I'm designing an FTL system for a new universe, and I'm trying to figure how 'plausible-sounding' this thought is.

The idea is that space is tangled and twisted in twelve dimensions, so that distant points of three-dimensional space are connected in twelve-dimensional knots, and passing from one part of space to another requires multi-dimensional rotation. Think of it like a set of points on a railway line - the line itself is effectively one-dimensional, but by rotating a train through a second dimension you can switch to a different track.

Our macro universe being, as it is, three dimensional, we have no way to push against these extra dimensions in order to initiate the rotation. This, perhaps, is where quantum mechanics comes in.

Suppose that we are able to control the spin of subatomic particles with extreme precision in twelve dimensions. We spin up a block of "quantum flywheels" in the direction we want turn.

Can that spin then be transferred (albeit at VASTLY reduced speed, of course) to the entire ship, allowing it to rotate through those extra dimensions?

  • $\begingroup$ You might find parts of this interesting. $\endgroup$
    – JDługosz
    Mar 1, 2017 at 22:36
  • $\begingroup$ As I indicate there, if other (large) space dimensions exist you can cause a rotation into them using effects such as precession and it would have effects that show up in 3D. $\endgroup$
    – JDługosz
    Mar 2, 2017 at 6:37

1 Answer 1


Have you ever heard of the Einstein-de Haas effect?

Take a large piece of iron, cylindrically shaped. Now, put it in an external magnetic field. The bar should become magnetized. Given that magnetization arises from the orientation of electron spins inside the bar, there's a change of spin angular momentum. However, spin angular momentum is just another form of angular momentum, and angular momentum must be conserved. Therefore, the bar will begin to rotate a small bit, to keep the total change in angular momentum zero.

Whether you could do this on a large enough scale is something else entirely. However, using a very, very large magnetic field and the right object, under optimal conditions, perhaps you could have a shot at doing what you want.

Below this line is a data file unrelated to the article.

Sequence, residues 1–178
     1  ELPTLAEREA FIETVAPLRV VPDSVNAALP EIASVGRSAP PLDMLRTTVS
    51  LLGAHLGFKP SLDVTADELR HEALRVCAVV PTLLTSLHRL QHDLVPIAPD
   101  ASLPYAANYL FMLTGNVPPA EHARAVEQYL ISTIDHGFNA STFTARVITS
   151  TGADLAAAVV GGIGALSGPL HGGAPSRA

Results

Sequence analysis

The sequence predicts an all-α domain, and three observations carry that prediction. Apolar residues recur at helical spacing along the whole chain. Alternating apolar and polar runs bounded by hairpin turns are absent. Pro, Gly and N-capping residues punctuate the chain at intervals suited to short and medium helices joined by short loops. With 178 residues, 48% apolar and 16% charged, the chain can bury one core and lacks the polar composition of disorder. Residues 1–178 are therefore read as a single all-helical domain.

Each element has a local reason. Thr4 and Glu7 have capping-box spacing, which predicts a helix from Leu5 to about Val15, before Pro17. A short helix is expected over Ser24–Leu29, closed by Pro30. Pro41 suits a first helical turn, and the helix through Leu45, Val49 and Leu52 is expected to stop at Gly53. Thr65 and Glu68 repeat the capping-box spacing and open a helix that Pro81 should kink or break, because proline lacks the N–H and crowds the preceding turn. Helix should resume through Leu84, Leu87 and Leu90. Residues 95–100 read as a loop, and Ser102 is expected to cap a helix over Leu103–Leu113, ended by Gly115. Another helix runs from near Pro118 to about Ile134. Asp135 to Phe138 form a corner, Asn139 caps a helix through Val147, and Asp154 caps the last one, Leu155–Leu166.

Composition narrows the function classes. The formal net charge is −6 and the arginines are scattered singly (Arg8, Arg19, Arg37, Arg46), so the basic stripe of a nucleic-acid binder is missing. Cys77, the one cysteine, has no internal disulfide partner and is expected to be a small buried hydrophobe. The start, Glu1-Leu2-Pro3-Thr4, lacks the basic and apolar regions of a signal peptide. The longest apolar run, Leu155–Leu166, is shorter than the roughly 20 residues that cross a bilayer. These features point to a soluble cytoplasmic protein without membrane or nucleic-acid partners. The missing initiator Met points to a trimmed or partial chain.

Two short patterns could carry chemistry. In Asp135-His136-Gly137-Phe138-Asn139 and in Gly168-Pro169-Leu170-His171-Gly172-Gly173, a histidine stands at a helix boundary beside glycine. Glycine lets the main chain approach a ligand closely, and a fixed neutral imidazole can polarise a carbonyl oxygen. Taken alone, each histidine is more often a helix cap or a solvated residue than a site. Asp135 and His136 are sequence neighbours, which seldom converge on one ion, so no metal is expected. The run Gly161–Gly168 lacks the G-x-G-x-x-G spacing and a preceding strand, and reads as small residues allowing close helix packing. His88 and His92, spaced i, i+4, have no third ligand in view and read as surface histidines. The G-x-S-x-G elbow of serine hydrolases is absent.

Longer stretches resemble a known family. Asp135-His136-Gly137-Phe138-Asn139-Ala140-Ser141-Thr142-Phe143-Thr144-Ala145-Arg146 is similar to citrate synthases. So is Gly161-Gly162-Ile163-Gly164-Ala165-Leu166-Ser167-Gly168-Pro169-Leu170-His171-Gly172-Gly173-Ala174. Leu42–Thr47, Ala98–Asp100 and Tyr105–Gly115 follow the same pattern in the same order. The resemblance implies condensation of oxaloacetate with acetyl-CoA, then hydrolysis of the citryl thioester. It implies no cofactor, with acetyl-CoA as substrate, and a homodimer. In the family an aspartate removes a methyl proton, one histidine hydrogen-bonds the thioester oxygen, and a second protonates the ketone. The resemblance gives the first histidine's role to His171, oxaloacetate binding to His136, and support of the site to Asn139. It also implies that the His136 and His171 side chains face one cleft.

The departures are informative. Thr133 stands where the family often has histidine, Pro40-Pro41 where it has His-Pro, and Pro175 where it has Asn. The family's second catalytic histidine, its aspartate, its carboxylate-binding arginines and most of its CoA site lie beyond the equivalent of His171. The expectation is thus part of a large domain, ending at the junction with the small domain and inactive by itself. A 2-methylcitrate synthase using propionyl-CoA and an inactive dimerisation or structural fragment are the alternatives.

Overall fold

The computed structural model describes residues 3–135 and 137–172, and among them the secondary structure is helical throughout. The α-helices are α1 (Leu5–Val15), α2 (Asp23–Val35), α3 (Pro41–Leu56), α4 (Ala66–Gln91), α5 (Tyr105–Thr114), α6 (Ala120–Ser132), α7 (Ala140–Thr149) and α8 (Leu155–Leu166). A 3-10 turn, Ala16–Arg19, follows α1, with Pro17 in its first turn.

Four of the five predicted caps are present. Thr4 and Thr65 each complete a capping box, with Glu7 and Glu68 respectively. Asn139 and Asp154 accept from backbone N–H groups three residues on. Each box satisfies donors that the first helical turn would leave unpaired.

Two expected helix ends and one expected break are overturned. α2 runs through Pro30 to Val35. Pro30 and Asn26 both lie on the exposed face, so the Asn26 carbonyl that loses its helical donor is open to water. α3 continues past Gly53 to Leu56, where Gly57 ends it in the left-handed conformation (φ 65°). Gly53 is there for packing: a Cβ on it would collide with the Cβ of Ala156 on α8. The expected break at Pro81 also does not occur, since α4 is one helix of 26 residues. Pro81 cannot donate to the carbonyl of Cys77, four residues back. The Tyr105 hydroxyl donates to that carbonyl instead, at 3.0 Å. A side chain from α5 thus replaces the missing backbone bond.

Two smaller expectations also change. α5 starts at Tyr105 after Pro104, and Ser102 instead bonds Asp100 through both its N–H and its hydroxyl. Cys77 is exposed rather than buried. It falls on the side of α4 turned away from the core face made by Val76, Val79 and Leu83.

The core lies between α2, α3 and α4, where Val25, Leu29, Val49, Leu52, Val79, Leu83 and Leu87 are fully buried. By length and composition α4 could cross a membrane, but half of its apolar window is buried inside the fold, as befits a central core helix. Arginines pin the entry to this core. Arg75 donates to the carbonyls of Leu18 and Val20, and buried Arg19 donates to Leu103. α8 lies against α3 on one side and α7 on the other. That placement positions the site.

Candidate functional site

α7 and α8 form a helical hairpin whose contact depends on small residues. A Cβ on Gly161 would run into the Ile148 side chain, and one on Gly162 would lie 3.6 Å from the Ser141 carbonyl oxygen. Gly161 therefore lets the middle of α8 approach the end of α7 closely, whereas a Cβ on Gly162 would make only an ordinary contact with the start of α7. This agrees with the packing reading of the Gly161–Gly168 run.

There will, of course, be problems:

  • You would need to have a very large piece of metal to be magnetized.
  • You would have to protect the rest of the ship from the magnetic field.
  • The rotating system wouldn't exactly be very portable.
  • The entire process could expend a lot of energy.
  • 3
    $\begingroup$ I do so love it when I read an answer and exclaim "that's just bull----," only to realize they've linked a Wikipedia article that explains the principle. I learn more things that way! $\endgroup$
    – Cort Ammon
    Mar 1, 2017 at 18:57
  • 1
    $\begingroup$ @CortAmmon I know; it's cool. I think the Wikipedia article could use some better editing in a few spots, but it does get the point across. $\endgroup$
    – HDE 226868
    Mar 1, 2017 at 19:24
  • $\begingroup$ Cool answer! As you mention, there is the risk that it would require too much energy or, for whatever reason, be too difficult to implement on a ship - in such case I guess it ought to be possible to build ship sized stargates in each system one jumps to, which can give some nice plot devices where an outgoing ship can't jump back before the gate in the new system is completed. Altough, that would be all up to OP; I find it fully plausible to have it ship sized. $\endgroup$
    – Mrkvička
    Mar 1, 2017 at 19:38
  • $\begingroup$ @Mrkvička Yes, it's going to strongly depends on the characteristics of the ship (mass, moment of inertia, the properties of the magnet, etc.). That's always good; it means that there's plenty of room to play around. I find that worlds like that are sometimes more successful, especially if small details can be quietly handwaved away or brushed into a corner. $\endgroup$
    – HDE 226868
    Mar 1, 2017 at 19:40

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